Use your head, wear a helmet – your kids are watching

By Kate Carr

Chris Clark is one of the top professional stunt cyclists in the country. I recently watched him perform on consecutive weekends at Safe Kids Day events in Los Angeles and New York. Kids of all ages marveled as he fearlessly jumped over ramps, hopped from obstacle to obstacle on just his back tire and performed stunts that took our breath away.

And there was one more thing, too: He was wearing a helmet the entire time.

“Back in the day, helmets weren’t considered cool,” Chris told me after one show as dozens of kids waited for his autograph. “But now it’s totally different. The helmets are cool. The designs are cool. That whole dynamic is changing where if you’re on a bike, you have a helmet on. It’s just part of the outfit.”

May is National Bike Month and Safe Kids is teaming up with Bell Helmets to teach families all across the country about bike safety.

As parents, we have an important role to play. We might not be super cool stunt bikers, but our kids are watching us just as closely as they watch Chris Clark or any of the other extreme athletes who will be participating (and wearing helmets) in next month’s X Games.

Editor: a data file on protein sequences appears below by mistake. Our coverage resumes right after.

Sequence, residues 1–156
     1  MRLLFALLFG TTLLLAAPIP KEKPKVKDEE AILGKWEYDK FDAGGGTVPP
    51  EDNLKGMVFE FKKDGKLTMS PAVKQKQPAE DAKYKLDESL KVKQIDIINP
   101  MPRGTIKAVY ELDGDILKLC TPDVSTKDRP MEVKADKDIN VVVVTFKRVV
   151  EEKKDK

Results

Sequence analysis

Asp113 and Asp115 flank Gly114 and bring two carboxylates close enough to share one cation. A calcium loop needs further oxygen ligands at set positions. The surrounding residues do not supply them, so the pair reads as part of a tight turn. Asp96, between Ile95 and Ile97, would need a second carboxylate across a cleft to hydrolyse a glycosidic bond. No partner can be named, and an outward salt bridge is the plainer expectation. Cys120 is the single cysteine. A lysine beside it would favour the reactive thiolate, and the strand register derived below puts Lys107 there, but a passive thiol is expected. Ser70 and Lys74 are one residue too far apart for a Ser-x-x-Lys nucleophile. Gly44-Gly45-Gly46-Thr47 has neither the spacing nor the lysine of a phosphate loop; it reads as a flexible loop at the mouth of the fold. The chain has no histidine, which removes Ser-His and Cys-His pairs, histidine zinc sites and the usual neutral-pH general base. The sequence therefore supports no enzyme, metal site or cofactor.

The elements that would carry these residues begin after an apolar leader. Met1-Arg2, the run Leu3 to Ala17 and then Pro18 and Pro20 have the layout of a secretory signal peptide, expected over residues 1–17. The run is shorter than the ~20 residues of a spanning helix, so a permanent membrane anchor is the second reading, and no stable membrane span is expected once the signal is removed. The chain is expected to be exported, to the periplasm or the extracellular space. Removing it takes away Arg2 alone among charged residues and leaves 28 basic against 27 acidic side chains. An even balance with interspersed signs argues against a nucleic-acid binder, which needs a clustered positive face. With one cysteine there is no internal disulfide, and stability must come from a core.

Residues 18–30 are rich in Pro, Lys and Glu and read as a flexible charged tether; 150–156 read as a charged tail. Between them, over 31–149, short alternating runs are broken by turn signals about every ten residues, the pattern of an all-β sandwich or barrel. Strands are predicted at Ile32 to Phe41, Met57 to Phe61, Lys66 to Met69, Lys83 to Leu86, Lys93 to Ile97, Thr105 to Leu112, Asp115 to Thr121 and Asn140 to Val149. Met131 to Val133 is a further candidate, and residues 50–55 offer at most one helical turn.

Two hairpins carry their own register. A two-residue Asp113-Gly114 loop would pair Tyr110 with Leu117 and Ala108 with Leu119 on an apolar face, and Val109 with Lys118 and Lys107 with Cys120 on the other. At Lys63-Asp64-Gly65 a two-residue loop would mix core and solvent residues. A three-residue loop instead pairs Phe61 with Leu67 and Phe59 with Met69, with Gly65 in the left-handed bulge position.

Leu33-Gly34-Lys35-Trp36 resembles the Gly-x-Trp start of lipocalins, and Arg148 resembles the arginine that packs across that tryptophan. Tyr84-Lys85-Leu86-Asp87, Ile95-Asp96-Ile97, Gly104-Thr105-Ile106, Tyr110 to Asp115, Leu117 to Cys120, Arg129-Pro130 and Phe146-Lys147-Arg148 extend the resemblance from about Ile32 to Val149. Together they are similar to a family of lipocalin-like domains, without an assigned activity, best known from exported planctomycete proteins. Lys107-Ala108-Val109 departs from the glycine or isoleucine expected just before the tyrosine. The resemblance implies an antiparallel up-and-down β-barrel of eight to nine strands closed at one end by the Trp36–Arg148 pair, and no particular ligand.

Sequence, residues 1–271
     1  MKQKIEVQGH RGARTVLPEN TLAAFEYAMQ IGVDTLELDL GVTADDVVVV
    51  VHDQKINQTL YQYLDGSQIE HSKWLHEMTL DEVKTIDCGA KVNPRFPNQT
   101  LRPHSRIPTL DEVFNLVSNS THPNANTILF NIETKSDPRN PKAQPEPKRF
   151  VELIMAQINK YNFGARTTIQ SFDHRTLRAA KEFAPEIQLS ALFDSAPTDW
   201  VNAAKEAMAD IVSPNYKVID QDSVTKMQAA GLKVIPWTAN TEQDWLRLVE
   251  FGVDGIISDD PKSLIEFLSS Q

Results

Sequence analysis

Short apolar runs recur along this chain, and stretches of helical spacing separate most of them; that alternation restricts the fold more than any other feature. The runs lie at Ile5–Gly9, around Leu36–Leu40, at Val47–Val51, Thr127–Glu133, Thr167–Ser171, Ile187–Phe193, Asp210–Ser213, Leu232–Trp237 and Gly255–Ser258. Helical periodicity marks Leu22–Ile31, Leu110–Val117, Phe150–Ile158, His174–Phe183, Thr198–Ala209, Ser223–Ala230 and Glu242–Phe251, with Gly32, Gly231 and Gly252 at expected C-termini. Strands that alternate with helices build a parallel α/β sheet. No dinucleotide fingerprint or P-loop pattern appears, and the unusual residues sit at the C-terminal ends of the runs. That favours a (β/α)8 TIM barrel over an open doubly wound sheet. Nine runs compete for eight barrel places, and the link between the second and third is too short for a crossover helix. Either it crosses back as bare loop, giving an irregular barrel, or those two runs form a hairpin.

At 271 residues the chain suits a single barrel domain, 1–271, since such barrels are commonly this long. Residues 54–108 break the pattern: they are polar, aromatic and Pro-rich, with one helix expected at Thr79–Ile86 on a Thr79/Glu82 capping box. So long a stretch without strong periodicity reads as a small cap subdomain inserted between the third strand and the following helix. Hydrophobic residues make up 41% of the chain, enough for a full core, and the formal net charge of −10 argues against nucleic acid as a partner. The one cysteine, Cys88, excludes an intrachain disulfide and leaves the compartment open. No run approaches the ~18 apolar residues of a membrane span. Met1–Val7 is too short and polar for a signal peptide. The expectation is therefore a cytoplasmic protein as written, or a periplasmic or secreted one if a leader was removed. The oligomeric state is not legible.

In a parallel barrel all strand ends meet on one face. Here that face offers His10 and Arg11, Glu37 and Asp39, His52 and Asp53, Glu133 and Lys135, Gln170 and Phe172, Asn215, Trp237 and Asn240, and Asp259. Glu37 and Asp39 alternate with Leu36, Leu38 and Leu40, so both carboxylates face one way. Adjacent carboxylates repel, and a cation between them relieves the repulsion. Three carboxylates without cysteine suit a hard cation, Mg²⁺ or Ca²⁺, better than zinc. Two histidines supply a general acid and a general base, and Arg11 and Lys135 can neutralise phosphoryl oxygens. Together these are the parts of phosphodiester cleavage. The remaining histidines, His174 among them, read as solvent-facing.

Many of us grew up riding without helmets, so we don’t wear them today. That sends a powerful message to our kids that it’s OK to make exceptions, even though wearing a helmet is the single most effective way to prevent a brain injury.

I recently received an e-mail from a mom in Andover, Minn., who wrote that her son, Shae, hit the ground so hard during a bike accident that he cracked his helmet, broke his nose and had some cuts and bruises.

“But he is alive today,” his mom wrote, “because he was wearing a bike helmet.”

So as the weather gets nicer this month, we want to encourage all families to hop on their bikes, explore and have fun. And please wear a helmet when you do.

HERE ARE A FEW MORE TIPS TO KEEP YOU AND YOUR KIDS SAFE DURING NATIONAL BIKE MONTH AND BEYOND:1. Talk to your kids about wearing a helmet on every ride. More children ages 5 to 14 are seen in emergency rooms for injuries related to biking than any other sport.

2. Be a good role model by wearing a helmet on every ride. Kids are like sponges and they’ll do what they see us doing. So set the example for your kids and wear a helmet when you’re biking.

3. Make sure the helmet fits properly. We’ve all seen kids with loose helmets hanging off the back of their head. Unfortunately, that style will offer little protection in a fall. Take two minutes to check out our helmet fit test video to learn how to make sure your child’s helmet fits correctly.


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